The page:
John Walker from The Walker Brothers has died.
The Electrician by The Walker Brothers used to be my favourite track of all time. Like many of my favourites, I taped it from Mark Radcliffe's brilliant Out On Blue Six show on Radio 1 in the early '90s. At the time, I don't think it was available on CD except as a bootleg. When I did eventually get it on CD and so heard it without tape hiss and FM compression, it lost a little of its mystery, but it's still an incredible, unique and hugely ambitious piece of music. You can hear the link to Scott's recent material but it is much more accessible.
Sean O'Hagan writes about it in this interview with Scott Walker (as it happens, Mark Radcliffe also used to play Sean's band The High Llamas). Brian Eno might have a point. Most of the classic albums of all time were released in the ten years prior to 1978 (the year The Electrician was released on the Nite Flights album). I was a big fan and early adopter of Eno's two recent collaborators Coldplay and Dido, but I'm not sure either is really doing anything that wasn't done in the '70s. How many great albums have been released in the past 30 years that genuinely couldn't have been made in an earlier era? (dubnobasswithmyheadman by Underworld springs to mind, and the whole of hip hop, but not too much else.) What's more, it's hard to imagine any of today's artists having the ambition or resources to make a track like The Electrician.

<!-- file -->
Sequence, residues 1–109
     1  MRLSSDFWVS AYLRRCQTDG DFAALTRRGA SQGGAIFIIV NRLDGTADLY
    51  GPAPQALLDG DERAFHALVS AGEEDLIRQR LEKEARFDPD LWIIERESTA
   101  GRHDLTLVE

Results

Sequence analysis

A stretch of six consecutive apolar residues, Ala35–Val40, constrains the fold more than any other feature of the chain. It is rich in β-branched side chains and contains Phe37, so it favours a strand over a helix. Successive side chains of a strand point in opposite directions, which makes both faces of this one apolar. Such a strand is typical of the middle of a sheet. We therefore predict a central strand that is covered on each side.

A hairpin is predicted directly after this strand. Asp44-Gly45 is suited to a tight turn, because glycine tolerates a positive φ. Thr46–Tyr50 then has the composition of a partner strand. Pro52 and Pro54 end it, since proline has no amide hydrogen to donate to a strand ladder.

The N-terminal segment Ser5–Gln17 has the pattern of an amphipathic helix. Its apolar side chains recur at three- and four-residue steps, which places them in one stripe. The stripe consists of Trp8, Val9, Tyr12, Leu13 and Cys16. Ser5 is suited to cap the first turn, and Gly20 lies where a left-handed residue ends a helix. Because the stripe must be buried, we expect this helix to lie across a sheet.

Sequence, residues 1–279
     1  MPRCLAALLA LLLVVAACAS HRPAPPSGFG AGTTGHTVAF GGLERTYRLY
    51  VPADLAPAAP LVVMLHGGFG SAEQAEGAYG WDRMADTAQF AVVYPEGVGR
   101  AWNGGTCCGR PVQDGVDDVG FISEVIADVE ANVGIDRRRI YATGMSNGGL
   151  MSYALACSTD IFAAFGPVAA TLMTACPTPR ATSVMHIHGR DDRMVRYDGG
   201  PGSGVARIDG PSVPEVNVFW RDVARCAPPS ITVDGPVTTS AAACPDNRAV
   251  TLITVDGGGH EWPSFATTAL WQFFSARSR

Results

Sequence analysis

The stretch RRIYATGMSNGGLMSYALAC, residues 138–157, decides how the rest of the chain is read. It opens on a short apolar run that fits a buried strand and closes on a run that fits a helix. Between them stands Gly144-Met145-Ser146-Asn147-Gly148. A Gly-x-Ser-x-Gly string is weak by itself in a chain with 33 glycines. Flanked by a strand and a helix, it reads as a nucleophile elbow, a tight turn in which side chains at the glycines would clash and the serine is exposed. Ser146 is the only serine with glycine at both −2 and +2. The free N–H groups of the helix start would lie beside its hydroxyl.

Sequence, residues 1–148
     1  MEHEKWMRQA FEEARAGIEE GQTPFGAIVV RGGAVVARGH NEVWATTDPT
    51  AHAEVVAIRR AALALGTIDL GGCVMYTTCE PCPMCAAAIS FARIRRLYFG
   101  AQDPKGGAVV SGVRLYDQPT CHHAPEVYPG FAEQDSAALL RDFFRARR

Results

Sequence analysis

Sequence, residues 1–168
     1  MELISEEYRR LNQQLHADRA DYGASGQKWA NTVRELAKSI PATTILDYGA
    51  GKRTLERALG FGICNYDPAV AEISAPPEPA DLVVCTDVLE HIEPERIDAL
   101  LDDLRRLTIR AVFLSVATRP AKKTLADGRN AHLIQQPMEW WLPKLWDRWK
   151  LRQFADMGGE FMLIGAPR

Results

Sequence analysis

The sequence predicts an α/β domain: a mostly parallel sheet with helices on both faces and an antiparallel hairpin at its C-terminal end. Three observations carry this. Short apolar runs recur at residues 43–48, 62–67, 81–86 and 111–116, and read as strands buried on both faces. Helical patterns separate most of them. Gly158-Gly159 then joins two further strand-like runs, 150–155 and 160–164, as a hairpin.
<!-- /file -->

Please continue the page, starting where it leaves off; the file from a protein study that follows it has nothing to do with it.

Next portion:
Not that everything was better in the past. In the early '90s, I had no idea what The Electrician was about, and had no way of finding out. Now, in the internet era which has transformed music discovery for the better, Sean's article plus a quick Google search suggest three themes - drug taking, S&M sex, and torture techniques employed by the CIA. Chris Martin eat your heart out.
I've also posted a Brian Eno track that I discovered via Out On Blue Six. One day I'll do a more comprehensive Out On Blue Six post.
(update of post originally from 11/11/08)